The thing is, we’ve been following a lot of independent studios for a long time. And we’ve seen the success that has come to games like worth way more Path of Exile. What I’m trying to say is they first launched a well-polished product on one platform. And then they went out to conquer other platforms, right. And that’s actually what we’re aiming for. We don’t want to have a half-assed experience for PC gamers and move on to porting the game to ps4 and Xbox One or whatever console we have by the end of 2019, we want to have a well-polished experience for those who use PC. And as soon as we’re sure that the game is, well, all polished and done, and it has no technical issues whatsoever, we will move forward to other platforms.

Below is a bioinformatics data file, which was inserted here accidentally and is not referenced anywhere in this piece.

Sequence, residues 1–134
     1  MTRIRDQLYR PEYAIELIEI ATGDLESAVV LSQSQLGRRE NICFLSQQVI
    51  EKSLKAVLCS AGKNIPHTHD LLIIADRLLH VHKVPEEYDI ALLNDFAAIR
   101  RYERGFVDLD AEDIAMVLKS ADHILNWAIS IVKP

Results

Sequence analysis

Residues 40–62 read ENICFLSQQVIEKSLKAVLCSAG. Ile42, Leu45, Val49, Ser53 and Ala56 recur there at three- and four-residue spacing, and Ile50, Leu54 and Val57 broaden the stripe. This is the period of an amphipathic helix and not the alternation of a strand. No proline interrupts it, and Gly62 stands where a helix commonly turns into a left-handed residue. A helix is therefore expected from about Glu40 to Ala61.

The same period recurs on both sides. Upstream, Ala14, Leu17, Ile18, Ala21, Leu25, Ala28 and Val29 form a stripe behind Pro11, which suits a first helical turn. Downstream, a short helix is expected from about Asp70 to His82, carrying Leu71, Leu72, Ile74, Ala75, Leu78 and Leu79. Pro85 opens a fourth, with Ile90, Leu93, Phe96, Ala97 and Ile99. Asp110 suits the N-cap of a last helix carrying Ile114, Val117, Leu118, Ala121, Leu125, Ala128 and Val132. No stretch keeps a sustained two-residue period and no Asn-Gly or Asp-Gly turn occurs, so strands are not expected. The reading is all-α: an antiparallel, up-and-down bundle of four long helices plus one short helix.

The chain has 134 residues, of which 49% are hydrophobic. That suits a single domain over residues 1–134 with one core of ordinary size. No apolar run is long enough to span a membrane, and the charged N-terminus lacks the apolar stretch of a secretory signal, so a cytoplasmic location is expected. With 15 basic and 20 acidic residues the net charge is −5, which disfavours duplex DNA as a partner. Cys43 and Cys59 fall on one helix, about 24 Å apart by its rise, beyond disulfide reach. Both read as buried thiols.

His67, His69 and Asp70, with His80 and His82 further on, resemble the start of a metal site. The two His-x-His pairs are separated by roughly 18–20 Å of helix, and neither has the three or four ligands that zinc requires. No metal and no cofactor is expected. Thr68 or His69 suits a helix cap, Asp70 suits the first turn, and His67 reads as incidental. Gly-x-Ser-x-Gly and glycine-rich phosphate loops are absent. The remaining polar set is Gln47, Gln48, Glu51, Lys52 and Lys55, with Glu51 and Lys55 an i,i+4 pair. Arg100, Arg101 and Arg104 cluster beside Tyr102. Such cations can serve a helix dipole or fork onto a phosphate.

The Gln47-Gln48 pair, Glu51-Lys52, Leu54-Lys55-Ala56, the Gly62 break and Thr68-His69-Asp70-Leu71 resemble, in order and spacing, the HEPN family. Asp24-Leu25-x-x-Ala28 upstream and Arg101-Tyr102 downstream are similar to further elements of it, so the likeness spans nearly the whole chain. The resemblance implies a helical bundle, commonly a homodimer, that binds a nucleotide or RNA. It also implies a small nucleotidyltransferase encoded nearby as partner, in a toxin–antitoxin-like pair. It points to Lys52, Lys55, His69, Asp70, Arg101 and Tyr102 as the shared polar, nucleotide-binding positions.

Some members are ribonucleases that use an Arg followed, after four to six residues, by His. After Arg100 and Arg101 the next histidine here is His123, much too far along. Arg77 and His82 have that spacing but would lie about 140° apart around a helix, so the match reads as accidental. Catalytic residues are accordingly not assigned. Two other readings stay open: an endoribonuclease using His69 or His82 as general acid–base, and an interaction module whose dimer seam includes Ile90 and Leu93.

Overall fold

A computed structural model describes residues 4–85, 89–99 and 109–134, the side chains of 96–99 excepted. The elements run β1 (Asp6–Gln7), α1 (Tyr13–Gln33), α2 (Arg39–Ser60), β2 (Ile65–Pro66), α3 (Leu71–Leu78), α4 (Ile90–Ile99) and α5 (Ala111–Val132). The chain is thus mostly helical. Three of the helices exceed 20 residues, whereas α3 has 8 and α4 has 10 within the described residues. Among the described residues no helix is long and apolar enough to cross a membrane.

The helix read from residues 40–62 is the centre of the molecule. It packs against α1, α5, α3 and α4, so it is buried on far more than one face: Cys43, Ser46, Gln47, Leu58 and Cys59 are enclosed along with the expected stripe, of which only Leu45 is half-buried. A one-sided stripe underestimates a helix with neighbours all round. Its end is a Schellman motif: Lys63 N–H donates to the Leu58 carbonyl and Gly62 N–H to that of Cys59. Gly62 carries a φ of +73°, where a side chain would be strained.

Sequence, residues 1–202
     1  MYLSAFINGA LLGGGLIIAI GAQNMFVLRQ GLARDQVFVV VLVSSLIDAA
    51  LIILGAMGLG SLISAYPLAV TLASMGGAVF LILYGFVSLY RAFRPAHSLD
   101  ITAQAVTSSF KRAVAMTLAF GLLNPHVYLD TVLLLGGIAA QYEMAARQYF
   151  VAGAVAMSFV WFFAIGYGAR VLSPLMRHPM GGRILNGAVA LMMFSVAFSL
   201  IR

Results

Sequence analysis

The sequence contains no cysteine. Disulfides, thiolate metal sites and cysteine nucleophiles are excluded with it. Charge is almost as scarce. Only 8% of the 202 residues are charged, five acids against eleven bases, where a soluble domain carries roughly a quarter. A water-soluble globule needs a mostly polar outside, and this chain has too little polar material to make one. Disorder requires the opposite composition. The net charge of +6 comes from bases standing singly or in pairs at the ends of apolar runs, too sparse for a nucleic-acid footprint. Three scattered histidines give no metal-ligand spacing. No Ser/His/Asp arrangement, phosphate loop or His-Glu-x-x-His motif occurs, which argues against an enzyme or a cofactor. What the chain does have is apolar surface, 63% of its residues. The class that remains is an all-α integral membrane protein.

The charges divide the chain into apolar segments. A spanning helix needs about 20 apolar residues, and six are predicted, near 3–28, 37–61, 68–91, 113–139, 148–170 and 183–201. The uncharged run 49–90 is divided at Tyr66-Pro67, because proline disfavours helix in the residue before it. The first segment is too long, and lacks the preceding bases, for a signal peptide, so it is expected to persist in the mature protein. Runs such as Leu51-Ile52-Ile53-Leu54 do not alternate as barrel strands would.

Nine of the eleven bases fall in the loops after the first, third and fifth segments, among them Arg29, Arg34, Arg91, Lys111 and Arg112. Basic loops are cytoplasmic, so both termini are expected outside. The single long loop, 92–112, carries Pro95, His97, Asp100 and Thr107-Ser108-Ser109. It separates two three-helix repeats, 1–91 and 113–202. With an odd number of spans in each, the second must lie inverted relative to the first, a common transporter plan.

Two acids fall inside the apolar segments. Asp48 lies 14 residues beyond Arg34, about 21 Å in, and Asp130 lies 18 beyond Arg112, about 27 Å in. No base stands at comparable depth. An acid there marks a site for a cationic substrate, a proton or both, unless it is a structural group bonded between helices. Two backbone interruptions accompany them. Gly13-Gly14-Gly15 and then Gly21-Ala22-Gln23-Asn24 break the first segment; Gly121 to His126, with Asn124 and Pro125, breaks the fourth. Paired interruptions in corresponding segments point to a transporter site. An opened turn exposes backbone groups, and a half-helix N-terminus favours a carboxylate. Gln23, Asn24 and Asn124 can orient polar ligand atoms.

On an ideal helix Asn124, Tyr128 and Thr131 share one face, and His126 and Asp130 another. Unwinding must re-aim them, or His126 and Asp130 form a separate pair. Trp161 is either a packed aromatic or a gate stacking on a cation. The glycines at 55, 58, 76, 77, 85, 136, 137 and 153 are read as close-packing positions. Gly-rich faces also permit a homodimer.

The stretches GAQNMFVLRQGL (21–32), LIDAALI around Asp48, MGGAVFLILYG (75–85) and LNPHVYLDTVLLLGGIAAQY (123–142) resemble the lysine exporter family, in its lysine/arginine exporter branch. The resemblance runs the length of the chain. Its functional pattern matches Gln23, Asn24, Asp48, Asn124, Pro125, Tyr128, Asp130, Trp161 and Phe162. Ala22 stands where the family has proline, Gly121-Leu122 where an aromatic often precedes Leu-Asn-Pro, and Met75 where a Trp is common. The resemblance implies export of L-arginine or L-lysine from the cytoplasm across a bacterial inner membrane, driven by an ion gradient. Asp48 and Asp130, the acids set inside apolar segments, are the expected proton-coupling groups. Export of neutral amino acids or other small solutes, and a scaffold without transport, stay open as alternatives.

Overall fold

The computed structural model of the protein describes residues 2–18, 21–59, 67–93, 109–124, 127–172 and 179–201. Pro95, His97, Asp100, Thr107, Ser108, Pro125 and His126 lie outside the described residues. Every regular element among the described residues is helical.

What about having controller support on the PC platform?

Many people have asked us that, and we’re actually thinking of adding something of that sorts to development plans. But I’m not sure that shooting mechanics and the controller would work well together. So I can’t say much about that at this point in time.

Are there going to be any community servers for Population Zero or just official servers?